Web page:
What Is Gregg Shorthand?
Gregg shorthand is a stenography system designed to help various professionals make transcripts of dictated speech quickly and efficiently. It consists of a series of symbols representing phonetic sounds, rather than the actual spellings of the spoken words. Pen strokes of Gregg shorthand are formed as straight lines, ellipses, or curved lines in varying sizes; each shape is assigned to a specific letter sound. These shapes are then joined together to form whole words according to the same basic principle of writing in cursive longhand. Along with Pitman shorthand, the Gregg method is one of the shorthand types commonly taught in office skills courses at either the high school or college level.
Uses of Gregg shorthand have traditionally included note-taking in lectures and business meetings, as well as in some types of journalism. The speed of normal human speech is too fast for the average person to write out thorough transcriptions in long-hand cursive without missing noticeable parts of the information. Professionals who are proficient in Gregg shorthand usually find they are able to capture spoken presentations with a much higher rate of accuracy and completeness. People with several years of Gregg shorthand experience are often able to transcribe at rates of over 200 words per minute.
This kind of hand-written shorthand also forms the basis for court reporter training. In order to complete accurate transcriptions, a court reporter needs to master the use of a stenotype machine. This type of legal professional uses this apparatus to create typed reports of court proceedings with a keyboard that renders shorthand symbols rather than the letters of the alphabet. Since more than one symbol is needed to create a complete word, the court reporter needs to press more than one of the correct keys simultaneously. Prior to learning the use of a stenotype machine, an aspiring court reporter typically needs to master hand-written shorthand to be able to select the correct symbols to type at a rapid pace.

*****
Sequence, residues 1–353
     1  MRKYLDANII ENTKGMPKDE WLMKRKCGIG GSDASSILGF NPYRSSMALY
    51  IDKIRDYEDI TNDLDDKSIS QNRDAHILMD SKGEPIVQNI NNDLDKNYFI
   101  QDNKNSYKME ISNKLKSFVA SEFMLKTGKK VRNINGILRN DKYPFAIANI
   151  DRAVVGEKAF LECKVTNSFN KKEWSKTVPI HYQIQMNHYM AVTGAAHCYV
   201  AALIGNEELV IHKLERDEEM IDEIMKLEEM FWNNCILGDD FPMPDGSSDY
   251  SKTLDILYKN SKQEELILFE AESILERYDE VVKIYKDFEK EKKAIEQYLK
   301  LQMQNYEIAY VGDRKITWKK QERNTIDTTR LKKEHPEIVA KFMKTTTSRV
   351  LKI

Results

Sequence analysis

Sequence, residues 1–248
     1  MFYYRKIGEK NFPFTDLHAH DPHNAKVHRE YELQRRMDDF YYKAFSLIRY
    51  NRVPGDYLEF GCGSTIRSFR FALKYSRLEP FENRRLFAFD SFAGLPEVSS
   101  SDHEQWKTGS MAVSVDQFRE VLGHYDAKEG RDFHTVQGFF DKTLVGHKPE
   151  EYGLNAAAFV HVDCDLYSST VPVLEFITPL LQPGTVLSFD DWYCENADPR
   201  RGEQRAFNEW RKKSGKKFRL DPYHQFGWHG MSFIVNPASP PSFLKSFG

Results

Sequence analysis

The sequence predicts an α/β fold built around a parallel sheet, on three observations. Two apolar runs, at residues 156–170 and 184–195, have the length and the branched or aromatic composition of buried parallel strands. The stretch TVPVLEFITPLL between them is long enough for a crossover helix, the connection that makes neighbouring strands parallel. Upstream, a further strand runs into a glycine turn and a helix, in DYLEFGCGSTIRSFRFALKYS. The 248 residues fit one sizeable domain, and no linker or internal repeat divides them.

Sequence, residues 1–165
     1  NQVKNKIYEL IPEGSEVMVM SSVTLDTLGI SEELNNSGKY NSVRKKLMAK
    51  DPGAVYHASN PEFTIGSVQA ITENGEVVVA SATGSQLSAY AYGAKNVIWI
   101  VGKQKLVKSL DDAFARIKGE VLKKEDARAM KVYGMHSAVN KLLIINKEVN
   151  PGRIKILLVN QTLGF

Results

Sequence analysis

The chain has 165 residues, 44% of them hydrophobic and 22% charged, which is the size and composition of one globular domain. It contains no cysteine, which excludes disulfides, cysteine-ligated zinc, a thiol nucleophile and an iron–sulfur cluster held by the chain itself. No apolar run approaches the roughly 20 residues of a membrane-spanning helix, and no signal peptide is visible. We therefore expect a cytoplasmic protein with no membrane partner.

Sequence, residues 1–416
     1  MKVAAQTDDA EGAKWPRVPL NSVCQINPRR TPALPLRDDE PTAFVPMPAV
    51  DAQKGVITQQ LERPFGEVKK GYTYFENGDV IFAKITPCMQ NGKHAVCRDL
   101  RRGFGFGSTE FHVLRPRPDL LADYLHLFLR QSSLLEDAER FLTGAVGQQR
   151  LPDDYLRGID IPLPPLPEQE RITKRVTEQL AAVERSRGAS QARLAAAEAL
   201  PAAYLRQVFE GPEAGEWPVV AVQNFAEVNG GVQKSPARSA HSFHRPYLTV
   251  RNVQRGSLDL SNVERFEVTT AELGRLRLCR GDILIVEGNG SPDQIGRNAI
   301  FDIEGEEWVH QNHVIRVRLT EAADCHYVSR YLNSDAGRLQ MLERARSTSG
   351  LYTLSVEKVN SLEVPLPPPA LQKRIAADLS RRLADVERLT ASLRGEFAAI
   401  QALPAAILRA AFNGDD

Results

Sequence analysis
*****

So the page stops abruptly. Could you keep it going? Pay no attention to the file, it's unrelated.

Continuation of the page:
Another device commonly used in the field of stenography is the stenomask, which is made up of a microphone built into a noise-cancelling mouthpiece. The stenomask is then connected to speech-recognition software that renders text from the user's spoken words. The resulting transcripts are then completed in typed longhand rather than in the symbols of Gregg shorthand. While a stenomask has its advantages of high accuracy rates without the need for repetitive typing, this device is sometimes not as widely adopted in courtroom sessions.
I took a note-taking and journalism course in college and I am wondering why they didn't even mention this Gregg shorthand. Granted these were introductory classes, but it would have been nice to at least know the name of the most widely used shorthand method.
This Gregg shorthand seems to be important for every college student to at least be familiar with, considering a lot of class time is usually spent note-taking.
It's interesting that learning Gregg shorthand is much the same as children learning to read. They both use phonetic sounds. Shorthand translates the sounds of words into symbols that are written to represent words.
Children learn to read phonetically by recognizing sounds and matching alphabetical letters to sounds to form words. But reading and writing words is much slower than reading and writing shorthand.